|Time (UTC)||Source of message||Cockpit audio||Meaning||Aircraft position|
|03:39:04||EGPWS–automated||“Minimums”||Descent below the decision height||250 feet radar altitude (796 feet asl), 4,500 feet from the threshold|
|03:39:07||Pilot monitoring||“Runway in sight”||The runway is in sight visually||approx. 230 feet radar altitude|
|03:39:08||Pilot flying||“Landing”||Continuing the landing||approx. 220 feet radar altitude|
|03:39:12||EGPWS–automated||“Two hundred”||Radio altimeter callout for descent below 200 feet||200 feet radar altitude, 2,550 feet from the threshold|
|03:39:12||ATC||“ɛrkænə 178, pull up and go around, sir”||Instruction to Air Canada 178 to go-around||200 feet radar altitude, 2,550 feet from the threshold|
The controller waited a few seconds and when he didn’t get a response, he called again.
|Time (UTC)||Source of message||Cockpit audio||Meaning||Aircraft position|
|03:39:19||ATC||“178, pull up and go around”||Second instruction to Air Canada 178 to go around||125 feet radar altitude, 1,100 feet from the threshold|
|03:39:23||EGPWS–automated||“Fifty”||Radio altimeter callout for descent below 50 feet||50 feet radar altitude, approximately overhead the displaced threshold|
The controller did not get any response to his calls. He could clearly see the radar blip blocking the runway and the Air Canada flight heading right for it.
During a normal approach, such as the one flown by Air Canada 178, the EGPWS makes several standard automated aural call outs, which are broadcast simultaneously over the cockpit speakers and the pilots’ headsets. During post-incident simulation, it was noted by TSB investigators that the callouts were significantly louder than the radio or intercom audio, which is delivered solely to the pilots’ headsets. The volume of the intercom and radio is adjustable by the flight crew, whereas the EGPWS audio is not.
The flight crew had clear sight of the runway and were seconds away from landing. That, combined with the dodgy acoustics, led them to believe that although they clearly heard the words “go around”, the instruction must be meant for another aircraft. They continued.
The controllers stared at the runway. They must have been holding their breath.
Air Canada flight 178 cruised directly over the top of the van and touched down. The separation between the van and the aircraft was less than thirty-five feet.
As Air Canada 178 cruised down the runway, the tower controller called them a third time and asked if they’d seen anything on the runway. This time the crew responded. They hadn’t seen a thing.
The van trundled across the runway and continued straight across taxiway D7.
The controllers reported the incident and the airport authority sent staff out to search the area.
The van drove into the grass. It got stuck when it struck a taxiway reflector sign and stopped, once again out of sight of the radar display, where it waited patiently for someone to rescue it.
Fourteen minutes later, airport staff discovered the missing white van. The engine was running and the headlights, taillights and beacon were all on. The automatic transmission was set to drive.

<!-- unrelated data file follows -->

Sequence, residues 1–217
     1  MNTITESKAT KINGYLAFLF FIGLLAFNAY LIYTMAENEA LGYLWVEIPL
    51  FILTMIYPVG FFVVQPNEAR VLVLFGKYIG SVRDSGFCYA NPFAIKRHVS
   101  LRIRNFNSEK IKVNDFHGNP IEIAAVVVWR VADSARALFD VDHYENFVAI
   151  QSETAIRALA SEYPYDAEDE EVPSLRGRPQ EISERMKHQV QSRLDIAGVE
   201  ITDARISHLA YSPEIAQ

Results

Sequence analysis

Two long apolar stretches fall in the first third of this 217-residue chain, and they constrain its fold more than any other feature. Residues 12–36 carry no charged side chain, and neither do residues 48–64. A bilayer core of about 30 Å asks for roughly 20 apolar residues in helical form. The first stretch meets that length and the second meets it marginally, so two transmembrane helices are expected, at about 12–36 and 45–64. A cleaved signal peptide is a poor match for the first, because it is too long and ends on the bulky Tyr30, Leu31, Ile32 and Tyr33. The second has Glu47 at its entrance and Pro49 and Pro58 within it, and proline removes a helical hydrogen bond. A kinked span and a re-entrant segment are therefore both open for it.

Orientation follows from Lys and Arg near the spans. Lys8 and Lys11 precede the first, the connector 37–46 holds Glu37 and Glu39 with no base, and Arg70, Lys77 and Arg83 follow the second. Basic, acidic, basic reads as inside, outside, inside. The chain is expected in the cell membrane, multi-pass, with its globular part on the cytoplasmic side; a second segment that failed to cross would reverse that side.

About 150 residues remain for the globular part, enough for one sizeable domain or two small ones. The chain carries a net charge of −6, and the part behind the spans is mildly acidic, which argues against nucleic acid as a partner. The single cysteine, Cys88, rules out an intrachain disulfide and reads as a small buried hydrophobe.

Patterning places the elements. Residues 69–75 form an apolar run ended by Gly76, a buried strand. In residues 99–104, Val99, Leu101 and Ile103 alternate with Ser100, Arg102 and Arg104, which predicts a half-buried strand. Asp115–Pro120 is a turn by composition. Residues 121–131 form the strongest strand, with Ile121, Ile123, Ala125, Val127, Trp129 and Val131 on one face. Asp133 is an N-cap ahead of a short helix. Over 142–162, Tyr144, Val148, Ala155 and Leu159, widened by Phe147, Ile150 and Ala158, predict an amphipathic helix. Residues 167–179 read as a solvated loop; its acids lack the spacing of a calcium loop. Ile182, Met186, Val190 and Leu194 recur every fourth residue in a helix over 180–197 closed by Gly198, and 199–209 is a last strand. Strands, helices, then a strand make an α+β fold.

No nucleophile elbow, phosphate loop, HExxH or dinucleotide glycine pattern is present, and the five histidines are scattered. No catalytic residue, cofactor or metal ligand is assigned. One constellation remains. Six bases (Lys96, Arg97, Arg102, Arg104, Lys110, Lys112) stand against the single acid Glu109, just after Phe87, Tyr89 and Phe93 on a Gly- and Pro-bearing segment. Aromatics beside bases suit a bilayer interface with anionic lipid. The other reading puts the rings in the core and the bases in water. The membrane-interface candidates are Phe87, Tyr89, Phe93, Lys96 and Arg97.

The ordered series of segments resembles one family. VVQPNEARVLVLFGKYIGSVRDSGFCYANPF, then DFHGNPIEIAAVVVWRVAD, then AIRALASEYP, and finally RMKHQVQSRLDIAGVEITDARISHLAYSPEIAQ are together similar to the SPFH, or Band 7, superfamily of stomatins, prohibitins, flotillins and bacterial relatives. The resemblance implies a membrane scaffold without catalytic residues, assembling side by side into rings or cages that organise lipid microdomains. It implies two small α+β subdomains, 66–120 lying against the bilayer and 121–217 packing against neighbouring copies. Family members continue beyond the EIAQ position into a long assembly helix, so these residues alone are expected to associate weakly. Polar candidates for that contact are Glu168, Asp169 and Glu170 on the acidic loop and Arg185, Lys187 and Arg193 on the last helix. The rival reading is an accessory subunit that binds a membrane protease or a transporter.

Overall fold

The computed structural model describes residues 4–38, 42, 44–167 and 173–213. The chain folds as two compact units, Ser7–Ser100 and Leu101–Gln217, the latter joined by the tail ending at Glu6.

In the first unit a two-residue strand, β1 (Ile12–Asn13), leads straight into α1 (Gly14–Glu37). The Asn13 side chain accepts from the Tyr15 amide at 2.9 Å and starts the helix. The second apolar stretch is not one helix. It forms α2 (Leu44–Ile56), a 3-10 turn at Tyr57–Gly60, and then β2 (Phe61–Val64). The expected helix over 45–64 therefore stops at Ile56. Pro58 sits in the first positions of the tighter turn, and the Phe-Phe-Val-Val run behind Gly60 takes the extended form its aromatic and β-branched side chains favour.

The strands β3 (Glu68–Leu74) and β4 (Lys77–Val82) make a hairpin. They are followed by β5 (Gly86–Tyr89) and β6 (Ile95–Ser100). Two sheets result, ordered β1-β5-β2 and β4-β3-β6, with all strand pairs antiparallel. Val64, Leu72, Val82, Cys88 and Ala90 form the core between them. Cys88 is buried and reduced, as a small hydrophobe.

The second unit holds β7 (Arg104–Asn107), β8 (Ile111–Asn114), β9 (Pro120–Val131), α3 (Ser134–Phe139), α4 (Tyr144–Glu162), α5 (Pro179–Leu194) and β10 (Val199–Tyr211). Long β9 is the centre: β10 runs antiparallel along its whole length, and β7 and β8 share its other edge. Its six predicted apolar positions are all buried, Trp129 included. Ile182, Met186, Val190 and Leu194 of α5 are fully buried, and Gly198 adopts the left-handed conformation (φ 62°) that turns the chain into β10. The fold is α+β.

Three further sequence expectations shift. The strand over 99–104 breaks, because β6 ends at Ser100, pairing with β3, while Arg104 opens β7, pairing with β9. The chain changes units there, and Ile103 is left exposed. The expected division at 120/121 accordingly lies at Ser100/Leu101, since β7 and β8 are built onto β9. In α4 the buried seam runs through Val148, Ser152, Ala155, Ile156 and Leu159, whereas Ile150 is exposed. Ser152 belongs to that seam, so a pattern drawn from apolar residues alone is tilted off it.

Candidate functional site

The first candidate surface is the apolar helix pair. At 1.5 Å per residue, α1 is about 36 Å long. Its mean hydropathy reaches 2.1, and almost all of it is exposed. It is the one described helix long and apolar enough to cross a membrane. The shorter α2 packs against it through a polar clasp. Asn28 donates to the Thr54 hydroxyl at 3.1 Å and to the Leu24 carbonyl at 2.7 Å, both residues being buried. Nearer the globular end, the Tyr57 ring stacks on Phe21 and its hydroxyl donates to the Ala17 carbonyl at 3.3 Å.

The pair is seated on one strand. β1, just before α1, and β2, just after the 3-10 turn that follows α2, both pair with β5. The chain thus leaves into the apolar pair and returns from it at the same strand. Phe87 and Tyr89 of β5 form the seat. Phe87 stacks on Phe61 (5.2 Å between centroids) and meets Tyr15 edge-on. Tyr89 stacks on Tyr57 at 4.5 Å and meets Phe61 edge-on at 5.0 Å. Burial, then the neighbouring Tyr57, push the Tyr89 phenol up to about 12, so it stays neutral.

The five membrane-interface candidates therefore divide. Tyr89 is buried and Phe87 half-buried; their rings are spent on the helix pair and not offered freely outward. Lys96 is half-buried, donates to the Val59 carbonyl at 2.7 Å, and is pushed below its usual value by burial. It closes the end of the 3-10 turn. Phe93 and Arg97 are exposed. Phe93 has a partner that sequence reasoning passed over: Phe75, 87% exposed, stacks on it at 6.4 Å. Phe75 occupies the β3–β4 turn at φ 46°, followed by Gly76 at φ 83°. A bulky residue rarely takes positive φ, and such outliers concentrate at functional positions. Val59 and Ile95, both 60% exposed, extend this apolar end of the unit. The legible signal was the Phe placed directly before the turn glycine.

The Air Canada flight continued on to Ottawa. Air Canada Operations, by now aware of the near-miss, instructed the crew to disconnect the power to the digital voice-data recorders upon their arrival. These DVDRs record two hours of the conversation in the cockpit (as opposed to on the radio) and then over-write the data.
At Ottawa, the flight crew was met by company maintenance staff who said that they would disconnect the DVDRs. However, they didn’t get around to doing so until an hour later, and the cockpit voice data from the landing at Toronto was overwritten.
The investigators discovered that the beacon on top of the van, which was designed to use a 37.5 watt bulb, actually only had a 7 watt bulb installed.
Although visibility was good, a seven watt bulb was not enough to draw attention to the vehicle. The flight crew expected an uneventful landing and could not see any obstacles on the runway. Although the cockpit voice data was lost, the crew stated that they discussed the transmission to go around and agreed that it couldn’t be meant for them. As the report put it, the communication was insufficient to challenge the flight crew’s mental model of the situation.
From the incident report:
Following the occurrence, the Greater Toronto Airports Authority (GTAA) issued directives to the Toronto Pearson aviation community reiterating the prohibition against leaving vehicles idling and unsecured on the airside. The GTAA also published and disseminated information on the luminosity requirements for vehicle roof beacons and did spot checks to inspect beacons and require inoperative or inadequate beacons to be repaired or replaced. Sunwing Airlines reported to Transport Canada that it has inspected all of its airside vehicles and ensured that their roof beacons meet specified luminosity standards.
The van was returned to service with a new beacon bulb installed.
So, another happy ending… but more by luck than good management on this occasion!